- March 1st, 2013
Fibromyalgia is a complex illness to diagnose and to treat. There is not yet a diagnostic test to establish that someone has it, there is no cure, and many fibromyalgia symptoms—pain, fatigue, problems sleeping, and memory and mood issues—can overlap with or get mistaken for other conditions.
- March 1st, 2011
Sleep // Because the hypothalamic “circuit breaker” that is offline controls sleep, most patients need a mix of many sleep treatments. For people to get well and become pain-free it is critical that they take enough of the correct sleep treatments to get 8 to 9 hours of sleep at night. To help treat insomnia, you can make your own “sleepy-time” tonic.In our placebo-controlled study, 91% of fibromyalgia patients improved with an average increase in quality of life of 90 percent by following SHINE.By Jacob Teitelbaum, MD
- March 1st, 2011
As people continue to spend more energy than they have, the problems can become more severe.With the stress of modern life, burnout is becoming a growing epidemic. Here is the best definition of burnout I've found: When your soul grows too big for the role you're playing.By Jacob Teitelbaum, MD
- September 1st, 2010
Remember the last time you had the flu? You slept poorly and felt exhausted, sore, and achy. You couldn’t think straight, it was a task just to drag yourself through the day. If you have fibromyalgia, that’s how you feel almost every day—and unlike the flu, your symptoms don’t go away.Foods to fight fibromyalgia
- September 1st, 2010Unfeatured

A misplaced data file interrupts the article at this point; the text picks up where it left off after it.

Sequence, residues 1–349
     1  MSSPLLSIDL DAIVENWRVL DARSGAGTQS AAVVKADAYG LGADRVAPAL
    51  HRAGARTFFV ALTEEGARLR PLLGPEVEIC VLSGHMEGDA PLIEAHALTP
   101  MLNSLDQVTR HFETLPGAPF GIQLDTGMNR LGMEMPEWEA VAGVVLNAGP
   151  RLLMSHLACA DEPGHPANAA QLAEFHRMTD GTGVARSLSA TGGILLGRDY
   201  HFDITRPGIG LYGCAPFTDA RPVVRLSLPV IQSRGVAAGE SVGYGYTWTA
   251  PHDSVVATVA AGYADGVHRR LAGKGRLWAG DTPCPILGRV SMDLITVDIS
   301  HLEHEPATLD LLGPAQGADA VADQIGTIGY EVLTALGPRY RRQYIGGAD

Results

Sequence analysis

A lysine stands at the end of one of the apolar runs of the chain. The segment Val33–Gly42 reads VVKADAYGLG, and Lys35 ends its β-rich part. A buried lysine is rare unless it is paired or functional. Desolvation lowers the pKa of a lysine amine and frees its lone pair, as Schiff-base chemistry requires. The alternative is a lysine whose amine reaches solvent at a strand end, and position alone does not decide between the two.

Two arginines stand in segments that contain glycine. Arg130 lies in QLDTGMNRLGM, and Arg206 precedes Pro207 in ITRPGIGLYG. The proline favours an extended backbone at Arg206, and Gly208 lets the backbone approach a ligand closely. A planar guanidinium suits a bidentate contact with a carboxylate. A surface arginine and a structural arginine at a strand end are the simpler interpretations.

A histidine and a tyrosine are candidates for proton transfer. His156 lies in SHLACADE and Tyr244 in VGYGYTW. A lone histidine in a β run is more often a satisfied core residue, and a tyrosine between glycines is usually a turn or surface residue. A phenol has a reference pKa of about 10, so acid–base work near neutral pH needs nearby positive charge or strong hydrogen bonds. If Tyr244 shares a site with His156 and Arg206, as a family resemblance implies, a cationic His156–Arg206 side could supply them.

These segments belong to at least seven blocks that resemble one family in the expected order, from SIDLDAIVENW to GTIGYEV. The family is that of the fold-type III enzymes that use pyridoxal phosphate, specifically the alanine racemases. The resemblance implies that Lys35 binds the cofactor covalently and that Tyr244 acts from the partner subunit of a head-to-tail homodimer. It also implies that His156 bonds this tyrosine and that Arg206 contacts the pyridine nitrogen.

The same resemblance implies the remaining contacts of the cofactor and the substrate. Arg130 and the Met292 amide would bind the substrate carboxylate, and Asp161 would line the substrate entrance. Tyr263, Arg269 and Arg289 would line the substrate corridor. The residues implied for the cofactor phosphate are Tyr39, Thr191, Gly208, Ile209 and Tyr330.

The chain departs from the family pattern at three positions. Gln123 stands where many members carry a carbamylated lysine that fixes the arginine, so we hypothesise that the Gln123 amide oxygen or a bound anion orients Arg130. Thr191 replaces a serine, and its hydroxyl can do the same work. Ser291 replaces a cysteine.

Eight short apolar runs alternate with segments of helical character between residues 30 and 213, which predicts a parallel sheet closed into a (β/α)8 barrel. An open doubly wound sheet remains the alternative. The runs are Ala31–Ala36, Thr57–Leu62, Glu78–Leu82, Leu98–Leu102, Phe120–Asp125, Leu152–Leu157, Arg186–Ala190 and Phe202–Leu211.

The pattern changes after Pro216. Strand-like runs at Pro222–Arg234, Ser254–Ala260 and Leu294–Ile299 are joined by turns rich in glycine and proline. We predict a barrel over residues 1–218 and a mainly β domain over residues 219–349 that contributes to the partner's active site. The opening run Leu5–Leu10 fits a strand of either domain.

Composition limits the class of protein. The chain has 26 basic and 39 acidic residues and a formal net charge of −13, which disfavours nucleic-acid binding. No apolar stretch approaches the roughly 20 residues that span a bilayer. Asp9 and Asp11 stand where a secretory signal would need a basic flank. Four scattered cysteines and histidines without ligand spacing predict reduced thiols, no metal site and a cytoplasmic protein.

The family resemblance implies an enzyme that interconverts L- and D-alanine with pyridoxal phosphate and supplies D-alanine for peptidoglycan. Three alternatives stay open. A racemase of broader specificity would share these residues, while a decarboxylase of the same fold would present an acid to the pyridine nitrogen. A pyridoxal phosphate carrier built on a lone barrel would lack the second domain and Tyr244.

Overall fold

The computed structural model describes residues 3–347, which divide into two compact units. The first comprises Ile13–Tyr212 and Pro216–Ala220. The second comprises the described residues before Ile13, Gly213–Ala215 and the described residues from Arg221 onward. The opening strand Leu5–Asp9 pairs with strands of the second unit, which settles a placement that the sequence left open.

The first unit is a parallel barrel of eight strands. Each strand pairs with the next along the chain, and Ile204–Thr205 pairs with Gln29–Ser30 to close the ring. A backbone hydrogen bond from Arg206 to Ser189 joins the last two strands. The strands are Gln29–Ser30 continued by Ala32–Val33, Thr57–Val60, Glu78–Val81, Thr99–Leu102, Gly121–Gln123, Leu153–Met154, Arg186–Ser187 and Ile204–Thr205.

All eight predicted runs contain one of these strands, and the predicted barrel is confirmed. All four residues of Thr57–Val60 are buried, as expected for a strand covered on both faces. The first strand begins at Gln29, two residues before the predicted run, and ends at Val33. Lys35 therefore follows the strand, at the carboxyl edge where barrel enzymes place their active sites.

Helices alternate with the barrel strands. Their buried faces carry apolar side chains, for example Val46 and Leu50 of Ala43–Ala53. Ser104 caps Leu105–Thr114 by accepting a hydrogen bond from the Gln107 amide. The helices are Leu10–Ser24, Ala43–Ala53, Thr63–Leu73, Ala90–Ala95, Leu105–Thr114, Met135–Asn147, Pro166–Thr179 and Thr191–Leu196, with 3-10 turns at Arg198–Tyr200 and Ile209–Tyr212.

1 can black beans, rinsed and drained
1/2 cup finely chopped red onion
1 cup finely chopped portobello mushroom
1 egg, beaten
2 large garlic cloves, minced
3 tablespoons minced fresh rosemary leaves
Dash cayenne pepper
Sea salt to taste
3/4 cup gluten-free bread crumbs or cracker crumbs, finely crumbled
2 tablespoons olive oil, divided
4 gluten-free buns
1 small avocado, peeled and sliced
8 to 12 leaves red leaf, green leaf, or butter lettuce
1. Mash beans in a medium bowl, using a potato masher, until most of the beans are mashed, but some remain visible. Mash in onion, mushroom, and egg, mixing well. Mash in garlic, rosemary, and cayenne. Add salt and more cayenne, as needed.
2. Add 1/2 cup bread crumbs and stir to mix well. Mixture should be sticky, but hold its shape. Add additional 1/4 cup bread crumbs, if needed.
3. With damp hands, form bean mixture into 4 patties. Transfer each burger to a plate, and brush tops lightly with 1 tablespoon olive oil.
4. Preheat broiler to high. Lightly brush a baking sheet with remaining olive oil, and arrange burgers on sheet. Broil for 7 to 8 minutes, turn patties over, and broil for 7 minutes on the other side. While burgers are cooking, split buns in half. Place bottom halves on a serving platter and top with avocado. Tear lettuce and arrange on bottom halves.
5. Remove burgers from oven, place on buns, and serve immediately.
nutrition info per serving: 565 calories; 19 g fat; 2 g saturated fat; 47 mg cholesterol; 17 g protein; 10 g fiber; 164 mg sodium
- September 1st, 2010UnfeaturedServes 6
2 tablespoons apple-cider vinegar